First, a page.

We are helping vulnerable care home residents at risk of COVID-19 with our support of a multi-partner health initiative in the North which aims to improve services through better use of data.
The initiative, HDR UK North, is led by the University of Liverpool, with £1.2m investment from Health Data Research (HDR) UK and £2.2m from partner institutions including Yorkshire and Humber AHSN. It will focus initially on monitoring deterioration in care home residents and include projects that benefit some of the most vulnerable people.
We will be supporting the programme in several ways, through the promotion and use of the Yorkshire and Humber Care Record across the region, in population-focussed data driven by research, and through our work with the DATA-CAN Data Innovation Hub. DATA–CAN is a multi-million-pound national project to collect and use cancer data in which this region has played a leading part. The founding partners, representing Yorkshire and the Humber, include the University of Leeds and Leeds Teaching Hospitals NHS Trust.
One of the major challenges for the partnership is addressing the issue of frailty, which affects 10 per cent of people aged over 65, rising to 25-50 per cent of people aged over 85 years. This costs the UK £15bn and is likely to grow due to the ageing UK population.
Dr Neville Young, Director of Enterprise and Innovation at Yorkshire and Humber AHSN, said:
“How we look after an ageing population, at home and in the care home setting, are clearly emerging as an important challenge in the national health picture as we tackle not only the current COVID-19 situation, but look forward to ensuring the older and valued members of our society are cared for in an effective and sustainable manner.
We have an important and evolving portfolio of work addressing challenges in frailty and the care homes sector in this region and are delighted to be involved in this programme.
We are also pleased to be involved in the Northern Better Care Partnership, part of the national Health Data Research UK programme, working alongside a host of digitally outstanding hospital and universities using data to improve the care of our citizens in the region.
We are pleased that so much of our ongoing work will now contribute to the success of this project, and the future development of the programme. We recognise this is a key milestone for regional success, one that will enable the delivery of high quality, digitally enabled, data driven care in the North which has the potential to deliver significant benefits for elderly patients in our region living with frailty.”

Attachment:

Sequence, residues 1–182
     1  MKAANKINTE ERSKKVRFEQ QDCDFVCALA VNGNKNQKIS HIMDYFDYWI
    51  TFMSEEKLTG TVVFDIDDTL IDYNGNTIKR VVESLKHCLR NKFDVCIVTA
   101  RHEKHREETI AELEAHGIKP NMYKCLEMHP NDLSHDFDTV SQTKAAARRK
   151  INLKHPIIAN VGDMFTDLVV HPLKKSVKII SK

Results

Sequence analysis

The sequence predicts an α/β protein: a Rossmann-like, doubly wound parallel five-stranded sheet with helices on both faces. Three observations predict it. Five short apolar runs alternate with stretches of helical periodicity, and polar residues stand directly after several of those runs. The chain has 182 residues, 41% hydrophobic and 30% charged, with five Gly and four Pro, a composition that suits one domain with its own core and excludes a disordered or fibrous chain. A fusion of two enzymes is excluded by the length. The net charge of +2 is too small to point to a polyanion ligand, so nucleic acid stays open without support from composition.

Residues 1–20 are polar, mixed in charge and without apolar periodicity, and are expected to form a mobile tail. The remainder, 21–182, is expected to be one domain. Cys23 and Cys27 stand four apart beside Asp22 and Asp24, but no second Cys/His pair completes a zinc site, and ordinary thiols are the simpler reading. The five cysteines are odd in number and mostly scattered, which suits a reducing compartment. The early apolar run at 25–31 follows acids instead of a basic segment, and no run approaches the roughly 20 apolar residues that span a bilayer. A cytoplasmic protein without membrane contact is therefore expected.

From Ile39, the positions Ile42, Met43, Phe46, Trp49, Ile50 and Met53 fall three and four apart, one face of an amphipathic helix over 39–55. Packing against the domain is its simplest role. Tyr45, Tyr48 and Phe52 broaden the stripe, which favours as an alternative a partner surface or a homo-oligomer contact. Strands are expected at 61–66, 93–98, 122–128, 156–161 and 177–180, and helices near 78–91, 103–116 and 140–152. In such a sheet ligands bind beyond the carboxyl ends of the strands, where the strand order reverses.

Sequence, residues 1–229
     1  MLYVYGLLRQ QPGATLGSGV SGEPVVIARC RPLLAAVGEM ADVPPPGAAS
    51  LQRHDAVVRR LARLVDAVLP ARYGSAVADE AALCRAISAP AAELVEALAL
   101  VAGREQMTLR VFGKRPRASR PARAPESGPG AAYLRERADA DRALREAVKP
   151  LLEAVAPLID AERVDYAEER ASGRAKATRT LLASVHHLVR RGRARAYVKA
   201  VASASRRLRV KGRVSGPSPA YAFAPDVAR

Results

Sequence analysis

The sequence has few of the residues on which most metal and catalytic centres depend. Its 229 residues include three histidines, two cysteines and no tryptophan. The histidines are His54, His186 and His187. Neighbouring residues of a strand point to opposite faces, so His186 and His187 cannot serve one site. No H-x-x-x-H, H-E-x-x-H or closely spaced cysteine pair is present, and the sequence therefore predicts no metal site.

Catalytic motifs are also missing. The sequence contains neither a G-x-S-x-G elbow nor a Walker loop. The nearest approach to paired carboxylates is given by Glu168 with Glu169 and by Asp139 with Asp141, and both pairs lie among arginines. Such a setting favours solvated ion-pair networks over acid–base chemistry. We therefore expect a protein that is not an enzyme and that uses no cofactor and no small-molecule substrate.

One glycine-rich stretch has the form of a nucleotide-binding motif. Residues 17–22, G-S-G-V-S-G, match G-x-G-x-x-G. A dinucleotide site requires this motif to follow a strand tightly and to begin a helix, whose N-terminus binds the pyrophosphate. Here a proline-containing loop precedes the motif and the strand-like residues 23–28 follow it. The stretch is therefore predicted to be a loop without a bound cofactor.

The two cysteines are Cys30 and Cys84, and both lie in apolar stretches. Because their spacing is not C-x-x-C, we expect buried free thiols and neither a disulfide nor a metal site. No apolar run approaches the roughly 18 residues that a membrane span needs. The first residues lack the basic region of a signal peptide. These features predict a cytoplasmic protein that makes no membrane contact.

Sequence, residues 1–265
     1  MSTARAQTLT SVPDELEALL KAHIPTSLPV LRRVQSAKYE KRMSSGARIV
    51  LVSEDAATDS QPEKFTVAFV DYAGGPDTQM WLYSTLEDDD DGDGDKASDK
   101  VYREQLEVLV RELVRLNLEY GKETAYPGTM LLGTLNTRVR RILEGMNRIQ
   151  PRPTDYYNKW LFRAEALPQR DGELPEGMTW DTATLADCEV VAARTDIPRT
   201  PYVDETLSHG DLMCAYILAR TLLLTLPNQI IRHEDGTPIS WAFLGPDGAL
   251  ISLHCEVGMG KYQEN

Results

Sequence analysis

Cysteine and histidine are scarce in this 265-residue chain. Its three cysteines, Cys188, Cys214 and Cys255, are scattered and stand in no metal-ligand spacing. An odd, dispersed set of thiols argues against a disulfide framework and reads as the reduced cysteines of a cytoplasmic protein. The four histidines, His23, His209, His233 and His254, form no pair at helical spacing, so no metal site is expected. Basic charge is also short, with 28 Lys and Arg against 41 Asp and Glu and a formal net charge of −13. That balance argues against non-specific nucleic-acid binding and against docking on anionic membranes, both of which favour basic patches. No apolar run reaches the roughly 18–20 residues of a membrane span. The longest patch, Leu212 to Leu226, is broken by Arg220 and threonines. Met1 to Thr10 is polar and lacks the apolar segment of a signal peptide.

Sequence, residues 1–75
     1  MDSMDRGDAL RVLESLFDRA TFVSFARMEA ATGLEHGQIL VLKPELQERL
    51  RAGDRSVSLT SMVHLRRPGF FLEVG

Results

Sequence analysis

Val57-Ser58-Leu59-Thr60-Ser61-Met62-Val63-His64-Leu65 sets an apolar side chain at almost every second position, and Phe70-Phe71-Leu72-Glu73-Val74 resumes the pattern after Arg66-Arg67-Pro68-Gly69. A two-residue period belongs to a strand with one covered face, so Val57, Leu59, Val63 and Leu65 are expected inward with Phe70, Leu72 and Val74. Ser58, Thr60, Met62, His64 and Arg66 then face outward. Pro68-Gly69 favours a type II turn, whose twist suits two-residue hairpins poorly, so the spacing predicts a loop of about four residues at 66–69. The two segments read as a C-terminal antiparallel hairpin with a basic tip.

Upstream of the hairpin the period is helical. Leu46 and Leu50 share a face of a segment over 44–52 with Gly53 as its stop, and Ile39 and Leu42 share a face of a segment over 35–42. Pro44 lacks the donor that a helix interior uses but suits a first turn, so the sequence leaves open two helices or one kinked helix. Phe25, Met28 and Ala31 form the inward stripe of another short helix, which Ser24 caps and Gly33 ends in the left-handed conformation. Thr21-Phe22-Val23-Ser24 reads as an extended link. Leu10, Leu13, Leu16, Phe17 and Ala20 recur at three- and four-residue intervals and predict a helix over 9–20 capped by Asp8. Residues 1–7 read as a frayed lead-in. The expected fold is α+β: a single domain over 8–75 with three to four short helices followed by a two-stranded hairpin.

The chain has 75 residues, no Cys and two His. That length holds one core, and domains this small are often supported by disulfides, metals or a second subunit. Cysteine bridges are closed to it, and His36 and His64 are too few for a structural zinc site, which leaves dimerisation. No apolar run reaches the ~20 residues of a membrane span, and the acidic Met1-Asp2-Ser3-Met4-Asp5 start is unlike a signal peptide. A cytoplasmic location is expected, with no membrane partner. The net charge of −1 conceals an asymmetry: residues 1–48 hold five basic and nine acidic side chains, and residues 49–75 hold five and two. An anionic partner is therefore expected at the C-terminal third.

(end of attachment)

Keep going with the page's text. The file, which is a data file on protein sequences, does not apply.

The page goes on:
Professor Sir Munir Pirmohamed, Director of HDR UK, said:
“We serve over 16 million people in the North where the rates of poverty, morbidity, premature mortality and poorer clinical outcomes are higher than in other regions. As our population gets older, frailty and more widely, multimorbidity, exert huge system pressures.
“This partnership will help us to use all available data and advanced analytical techniques to gain actionable insights for optimising delivery of care for those who need it most.”
Professor Simon Ball, Medical Director at University Hospitals Birmingham NHS Foundation Trust, and Research Director at Health Data Research UK, added:
“As healthcare professionals we make hundreds of decisions a week with our patients.
In doing so we aim to decide what will work best for each individual. Electronic healthcare records offer the opportunity to combine patients’ data with information on best practice, so that we can reliably deliver high quality care in complex settings and pressured environments.”
The following organisations are members of The Better Care North Partnership, part of HDR UK North:
- From Yorkshire and the Humber: Bradford Teaching Hospitals NHS Foundation Trust, The Leeds Teaching Hospitals NHS Trust, University of Leeds, University of Sheffield, South Yorkshire and Bassetlaw Integrated Care System
- Partners from the rest of the region include: County Durham and Darlington NHS Foundation Trust, Lancaster University, Liverpool University Hospitals NHS Trust, University of Manchester, Newcastle Hospitals NHS Foundation Trusts, Newcastle University, Salford Royal Foundation Trust, and Wirral University Hospital NHS Foundation Trust.
The Northern Health Science Alliance, a grouping of 24 universities, NHS trusts and Academic Health Science Networks across the North of England, supported the bid through project management across a broad coalition of partners and in engagement with the NHS.
The partners include the four Northern Academic Health Science Networks – ourselves, Innovation Agency for the North West Coast of England, AHSN North East and North Cumbria, and Health Innovation Manchester, plus researchers from Durham University.